December 16, 2004 |
Atlanta rapper Ludacris entered the national sales chart at No. 1 with his new "Red Light District" album, which sold 322,000 copies during its first week in stores. That figure was significantly shy of the 430,000 copies his "Chicken-N-Beer" sold during its first week of release in October of last year but was more than enough to nail down the top slot. U2 held on to the No.
December 15, 2004 |
Ludacris "Red Light District" (Def Jam South) *** This ingenious Atlanta rapper is best known for his wit and his exaggerated delivery, but earning respect as a top-tier lyricist seems to be the main goal of his fourth major-label album. On the abbreviated, punch-line-laden "Intro," he fires off one dazzling one-liner after another, and his devilish boasts on the hilarious "Number One Spot" display his distinctive brand of hip-hop humor in song form.
March 23, 2004 |
"Take it back," Ludacris shouted to DJ Jaycee about 10 minutes into his concert Sunday at the Wiltern LG. With a devilish grin, the nimble-fingered DJ then cued up the frantic "Southern Hospitality," Ludacris' spasmodic 2000 hit. The Neptunes-produced cut's pulsating keyboards and pounding drums gave Ludacris a seemingly unnecessary shot of adrenaline, as the Atlanta rapper kicked an already energetic stage show into an overdrive that lasted through the remainder of his 65-minute set.
October 16, 2003 |
Atlanta hip-hop rules the nation's pop album sales chart for the third consecutive week, but it's now Ludacris at No. 1, not OutKast, the duo that led the sales parade for the last two weeks. Ludacris' "Chicken-N-Beer" sold 430,000 copies last week, easily surpassing the 187,000 registered by the runner-up, OutKast's "Speakerboxxx/The Love Below."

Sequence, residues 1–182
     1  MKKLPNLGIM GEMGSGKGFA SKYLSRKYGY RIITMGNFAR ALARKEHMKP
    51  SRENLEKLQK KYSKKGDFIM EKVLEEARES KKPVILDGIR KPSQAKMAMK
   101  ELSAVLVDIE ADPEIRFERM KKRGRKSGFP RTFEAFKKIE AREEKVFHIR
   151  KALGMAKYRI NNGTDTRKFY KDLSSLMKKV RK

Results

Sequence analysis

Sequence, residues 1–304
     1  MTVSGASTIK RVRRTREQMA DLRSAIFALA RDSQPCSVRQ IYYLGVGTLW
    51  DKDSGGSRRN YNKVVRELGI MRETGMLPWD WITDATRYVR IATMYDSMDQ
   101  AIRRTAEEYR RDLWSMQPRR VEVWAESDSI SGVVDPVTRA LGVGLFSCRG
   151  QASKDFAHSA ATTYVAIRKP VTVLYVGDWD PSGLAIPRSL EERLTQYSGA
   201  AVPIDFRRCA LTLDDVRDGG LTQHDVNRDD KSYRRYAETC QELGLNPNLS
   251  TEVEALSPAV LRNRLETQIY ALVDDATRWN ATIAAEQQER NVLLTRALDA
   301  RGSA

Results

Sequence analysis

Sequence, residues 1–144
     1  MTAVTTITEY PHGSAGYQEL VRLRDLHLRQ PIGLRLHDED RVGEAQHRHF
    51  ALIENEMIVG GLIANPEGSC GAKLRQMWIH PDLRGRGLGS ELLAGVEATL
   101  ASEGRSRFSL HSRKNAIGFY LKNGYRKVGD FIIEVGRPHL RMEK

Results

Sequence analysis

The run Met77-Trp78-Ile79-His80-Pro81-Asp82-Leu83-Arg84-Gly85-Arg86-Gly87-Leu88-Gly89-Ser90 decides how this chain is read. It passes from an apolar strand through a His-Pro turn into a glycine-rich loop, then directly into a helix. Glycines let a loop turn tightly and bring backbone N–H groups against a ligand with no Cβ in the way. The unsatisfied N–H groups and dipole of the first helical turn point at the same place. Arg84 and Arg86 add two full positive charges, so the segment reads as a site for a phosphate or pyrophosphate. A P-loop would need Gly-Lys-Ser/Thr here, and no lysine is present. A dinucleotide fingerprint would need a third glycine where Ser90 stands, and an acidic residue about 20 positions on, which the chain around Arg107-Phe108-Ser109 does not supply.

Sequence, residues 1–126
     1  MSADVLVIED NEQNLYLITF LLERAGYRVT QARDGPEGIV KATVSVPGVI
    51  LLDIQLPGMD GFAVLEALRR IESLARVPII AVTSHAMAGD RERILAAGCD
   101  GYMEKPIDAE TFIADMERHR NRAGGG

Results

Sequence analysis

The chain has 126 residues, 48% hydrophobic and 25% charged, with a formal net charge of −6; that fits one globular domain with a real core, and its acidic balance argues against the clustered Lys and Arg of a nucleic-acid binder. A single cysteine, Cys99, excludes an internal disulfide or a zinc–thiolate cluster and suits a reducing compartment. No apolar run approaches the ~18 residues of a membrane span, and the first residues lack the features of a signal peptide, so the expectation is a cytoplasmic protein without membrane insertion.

October 12, 2003 |
Ludacris "Chicken-N-Beer" (Def Jam South) *** 1/2 This Atlanta artist earned a high-profile adversary last year when conservative TV-radio commentator Bill O'Reilly chastised Pepsi for using the R-rated rapper to push its soda. Ludacris subsequently lost his endorsement and he strikes back at O'Reilly on his third major-label album. But as is typically the case with Ludacris' intense yet lighthearted music, there's more humor than rage in his disdain for his TV foe.
October 6, 2003 |
The most popular themes of the day between songs at Saturday's P3 event: smoking weed, and alcohol and sex (although that was not the term used by artists on stage). Power 106's day-long celebration of music, cars and sports at the Hyundai Pavilion at Glen Helen in Devore was, for better or worse, all about the party.
February 14, 2003 |
PepsiCo Inc.'s on-again, off-again plan to ward off a hip-hop boycott with charity dollars is on again. Sort of. The soft-drink giant signed a $3-million agreement Thursday with hip-hop activists who denounced the company for dumping a commercial by controversial rapper Ludacris.
August 27, 2001 |
When you have a dozen of the hottest acts from a particular pop genre, as was the case with Saturday's sold-out "Powerhouse" concert at Arrowhead Pond in Anaheim, the temptation is to take advantage of the event to look for deeper meaning in the pop style. Looking for insight into the world of hip-hop from the "Powerhouse" show, however, is like going to an "American Pie" double feature to study cinema.
March 22, 2001 |
Def Jam Records was a major force in rap in the 1980s, releasing music by such genre-defining acts as LL Cool J, Public Enemy, Slick Rick and the Beastie Boys. Its current roster includes DMX, Jay-Z and Ja Rule. Def Jam is a New York label with a focus in New York acts, but that didn't stop an Atlanta kid named Christopher Bridges from imagining himself being signed to the company as he grew up listening to its artists. "Def Jam meant hip-hop to me," he says.